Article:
Since its donation to the Iowa Railway Historical Museum in 1956, No. 100 has operated on
occasional excursion trips over the Southern Iowa Railway at Centerville. This was a 1957 fall
foliage outing. William D. Middleton.




A jour-truck locomotive that once wheeled Oregon Electric tonnage through the
Willamette Valley had backed its Fort Dodge Line train into the Rockwell City
branch at Hope to clear a northbound car. William D. Middleton.

Bright yellow car 12 of the FDDM&S was southbound on the approach to the Chi-
cago & North Western overcrossing at Boone. William D. Middleton.

Iowa's largest interurban, the Fort Dodge, Des
Moines & Southern, originated in the '90's as a
steam freight line and ultimately reverted in the
late '50's to a diesel-powered, freight-only short line.
During its half century as an electric interurban the
Fort Dodge Line provided the usual amenities of
high quality interurban travel, including observa-
tion-parlor cars — available to Fort Dodge-Des
Moines travelers for an extra fare of 25 cents —

which were finished in inlaid mahogany and fitted
with Brussels carpeting, art glass Gothic windows,
and bronze chandeliers. The FDDM&S was un-
usual among interurbans in that freight traffic was
always of predominant importance, and even before
World War I, when the interurban passenger trade
enjoyed its most successful years, the company
derived fully 60 per cent of its revenues from
freight, i


The workhorses of Fort Dodge Line passenger
service throughout its history were 10 wooden
Niles interurbans of exceptionally graceful pro-
portions. In the course of its daily round trip
over the Des Moines-Fort Dodge main line dur-
ing the last year of passenger operation — J 95 5
— No. 12 crossed the highest of all interurban

bridges, the steel "High Bridge" over a ravine in
the Des Moines River valley. Erected in 1912
at a cost of $110,000, the 1%-foot-high structure
replaced an earlier wooden trestle (destroyed by
a flood) which had incorporated a million
board feet of lumber in its construction. Wil-
liam D. Middleton.


A line-up of equipment was
photographed just outside Hutch-
inson, Kans., on the opening
day of through service to Wichita
by the Arkansas Valley Interur-
han Railway in 1915. The com-
plete absence of ballast nas a con-
dition that, unfortunately, re-
mained permanent on much of the
AVI. Car No. 6, in the fore-
ground, expired in spectacular
fashion in 1928 when it way
wrecked and burned in a high-
speed head-on collision with a
freight train. William J.
Clouser Collection.


*.\ w •

l » ■ ■. w » *•



Center-door steel cars of substantial appearance
operated on Missouri's largest interurban system,
the 79-mile Kansas City, Clay County & St. Joseph
Railway, which opened a pair of high-class 1200-
volt lines from Kansas City to Excelsior Springs
and St. Joseph in 191). Cathedral glass panels in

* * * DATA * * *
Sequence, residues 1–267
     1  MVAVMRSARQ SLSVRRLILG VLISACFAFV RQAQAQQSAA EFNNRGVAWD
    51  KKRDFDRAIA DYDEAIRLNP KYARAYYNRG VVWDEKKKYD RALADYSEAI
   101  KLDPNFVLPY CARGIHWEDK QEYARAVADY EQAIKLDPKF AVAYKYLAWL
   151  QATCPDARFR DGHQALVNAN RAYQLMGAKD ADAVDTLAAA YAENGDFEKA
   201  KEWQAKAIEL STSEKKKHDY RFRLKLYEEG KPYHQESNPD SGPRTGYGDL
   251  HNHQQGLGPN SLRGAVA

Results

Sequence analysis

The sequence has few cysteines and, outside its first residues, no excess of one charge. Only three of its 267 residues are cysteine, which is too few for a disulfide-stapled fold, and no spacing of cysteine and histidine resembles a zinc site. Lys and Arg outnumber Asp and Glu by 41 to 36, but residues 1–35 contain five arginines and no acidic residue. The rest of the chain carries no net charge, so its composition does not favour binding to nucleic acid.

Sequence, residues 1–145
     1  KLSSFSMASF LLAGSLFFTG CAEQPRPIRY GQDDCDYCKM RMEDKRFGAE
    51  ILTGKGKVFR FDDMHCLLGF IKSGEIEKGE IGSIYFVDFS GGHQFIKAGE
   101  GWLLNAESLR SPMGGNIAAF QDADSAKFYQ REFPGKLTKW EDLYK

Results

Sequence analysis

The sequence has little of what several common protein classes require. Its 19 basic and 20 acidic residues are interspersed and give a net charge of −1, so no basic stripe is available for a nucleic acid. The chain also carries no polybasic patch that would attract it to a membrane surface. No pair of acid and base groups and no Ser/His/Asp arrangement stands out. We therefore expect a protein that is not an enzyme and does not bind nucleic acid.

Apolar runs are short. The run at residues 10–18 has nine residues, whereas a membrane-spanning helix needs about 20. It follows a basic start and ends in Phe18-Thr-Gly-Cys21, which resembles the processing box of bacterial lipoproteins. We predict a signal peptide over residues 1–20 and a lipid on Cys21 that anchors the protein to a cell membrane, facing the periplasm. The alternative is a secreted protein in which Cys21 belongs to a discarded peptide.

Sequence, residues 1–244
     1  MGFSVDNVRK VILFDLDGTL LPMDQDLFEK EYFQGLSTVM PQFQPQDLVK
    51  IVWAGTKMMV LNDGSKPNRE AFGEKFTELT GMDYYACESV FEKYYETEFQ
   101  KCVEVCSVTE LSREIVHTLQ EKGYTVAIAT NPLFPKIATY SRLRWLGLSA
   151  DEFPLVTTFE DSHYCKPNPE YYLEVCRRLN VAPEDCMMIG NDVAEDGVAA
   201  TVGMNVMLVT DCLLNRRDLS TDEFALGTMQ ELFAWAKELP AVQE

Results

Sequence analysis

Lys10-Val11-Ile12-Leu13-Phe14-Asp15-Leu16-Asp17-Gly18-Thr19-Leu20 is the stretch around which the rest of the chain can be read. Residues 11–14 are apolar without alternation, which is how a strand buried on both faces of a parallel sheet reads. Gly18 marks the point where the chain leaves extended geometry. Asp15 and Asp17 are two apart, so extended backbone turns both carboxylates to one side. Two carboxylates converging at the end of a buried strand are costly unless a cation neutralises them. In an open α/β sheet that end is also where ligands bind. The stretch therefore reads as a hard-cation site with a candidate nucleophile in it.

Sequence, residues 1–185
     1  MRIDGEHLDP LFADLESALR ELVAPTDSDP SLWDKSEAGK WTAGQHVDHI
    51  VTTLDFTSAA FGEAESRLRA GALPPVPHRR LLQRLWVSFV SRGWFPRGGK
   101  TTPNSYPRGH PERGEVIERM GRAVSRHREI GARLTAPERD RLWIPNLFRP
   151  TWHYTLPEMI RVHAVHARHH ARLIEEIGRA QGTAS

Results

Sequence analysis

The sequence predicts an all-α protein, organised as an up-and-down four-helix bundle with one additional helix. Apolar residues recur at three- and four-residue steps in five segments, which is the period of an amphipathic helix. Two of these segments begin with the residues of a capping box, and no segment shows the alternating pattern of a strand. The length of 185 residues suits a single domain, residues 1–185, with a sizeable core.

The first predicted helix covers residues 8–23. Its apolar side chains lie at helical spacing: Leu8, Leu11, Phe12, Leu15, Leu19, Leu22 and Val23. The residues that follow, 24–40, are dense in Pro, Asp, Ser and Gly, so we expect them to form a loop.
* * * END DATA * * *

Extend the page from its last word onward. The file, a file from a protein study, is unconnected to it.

the upper window sash provided just the right
touch of elegance. To accommodate special parties
the rear of the cars was designed for conversion to
an observation compartment. Regular seats were
removed and carpeting and mahogany lounge chairs
installed. Stephen D. Maguire Collection.


An obscure Midwestern inter-
urban was the Burlington's 5-
mile electrification of a portion
of the ^-foot-gauge Deadwood
Central Railroad between Lead.
Pluma, and Deadwood in the
Black Hills of South Dakota.
Passenger car 12150, a little
interurban with a big number,
was one of five cars operated
over the line. Here it is at
the three-level crossing with
the North Western and a mine
railroad in Lead about 1906. STE-
PHEN D. Maguire Collection.

Electric cars of the Union Electric Railway wandered over a devious 77-mile
route from Nowata, Okla., to Parsons, Kans. The entire trip, which jew at-
tempted, required about 4 hours. Hard pressed to make ends meet throughout
much of its existence, the company economized by purchasing lightweight, one-
man cars from the American Car Company in 1925. One of them waited for the
passage of a Frisco freight at Cherry vale, Kans., in 1946. Gordon E. Lloyd.


! ■>'■






The McKinley Lines

Illinois Traction System

Headlight aglow, an Illinois Terminal interurban waited at the joint IT-Wa-
bash depot in Champaign during a 1955 snowfall. William D. Middleton.

I ' »J




The McKinley Lines

Illinois Traction System

.DURING the first decade of the new century, as a
great interurban network spread across Mid-Ameri-
ca, the Illinois Traction System assembled by Illinois
congressman and utilities tycoon William B. McKin-
ley clearly emerged as the giant of Midwest traction.

Only seven years after he opened his first electric
line in 1901 — a 6-mile stretch between Danville and
Westville, 111. — McKinley had pushed the main
lines of his traction empire to their full geograph-